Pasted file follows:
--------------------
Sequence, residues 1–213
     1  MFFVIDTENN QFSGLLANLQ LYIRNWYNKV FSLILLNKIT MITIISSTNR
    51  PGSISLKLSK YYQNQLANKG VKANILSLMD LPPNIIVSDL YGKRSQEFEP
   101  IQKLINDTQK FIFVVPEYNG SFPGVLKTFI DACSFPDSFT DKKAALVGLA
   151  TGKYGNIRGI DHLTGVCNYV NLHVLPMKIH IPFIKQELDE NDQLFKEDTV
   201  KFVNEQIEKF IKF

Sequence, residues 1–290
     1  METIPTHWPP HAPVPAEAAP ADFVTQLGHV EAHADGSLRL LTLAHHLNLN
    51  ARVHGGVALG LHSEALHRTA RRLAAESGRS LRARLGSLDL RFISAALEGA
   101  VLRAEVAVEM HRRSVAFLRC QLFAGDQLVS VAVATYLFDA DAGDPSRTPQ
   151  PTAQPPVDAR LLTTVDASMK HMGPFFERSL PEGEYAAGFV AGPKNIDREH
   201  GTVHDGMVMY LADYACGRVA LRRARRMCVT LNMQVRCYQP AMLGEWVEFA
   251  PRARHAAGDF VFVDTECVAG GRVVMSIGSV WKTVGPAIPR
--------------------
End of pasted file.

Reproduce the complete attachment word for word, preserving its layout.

Sequence, residues 1–213
     1  MFFVIDTENN QFSGLLANLQ LYIRNWYNKV FSLILLNKIT MITIISSTNR
    51  PGSISLKLSK YYQNQLANKG VKANILSLMD LPPNIIVSDL YGKRSQEFEP
   101  IQKLINDTQK FIFVVPEYNG SFPGVLKTFI DACSFPDSFT DKKAALVGLA
   151  TGKYGNIRGI DHLTGVCNYV NLHVLPMKIH IPFIKQELDE NDQLFKEDTV
   201  KFVNEQIEKF IKF

Sequence, residues 1–290
     1  METIPTHWPP HAPVPAEAAP ADFVTQLGHV EAHADGSLRL LTLAHHLNLN
    51  ARVHGGVALG LHSEALHRTA RRLAAESGRS LRARLGSLDL RFISAALEGA
   101  VLRAEVAVEM HRRSVAFLRC QLFAGDQLVS VAVATYLFDA DAGDPSRTPQ
   151  PTAQPPVDAR LLTTVDASMK HMGPFFERSL PEGEYAAGFV AGPKNIDREH
   201  GTVHDGMVMY LADYACGRVA LRRARRMCVT LNMQVRCYQP AMLGEWVEFA
   251  PRARHAAGDF VFVDTECVAG GRVVMSIGSV WKTVGPAIPR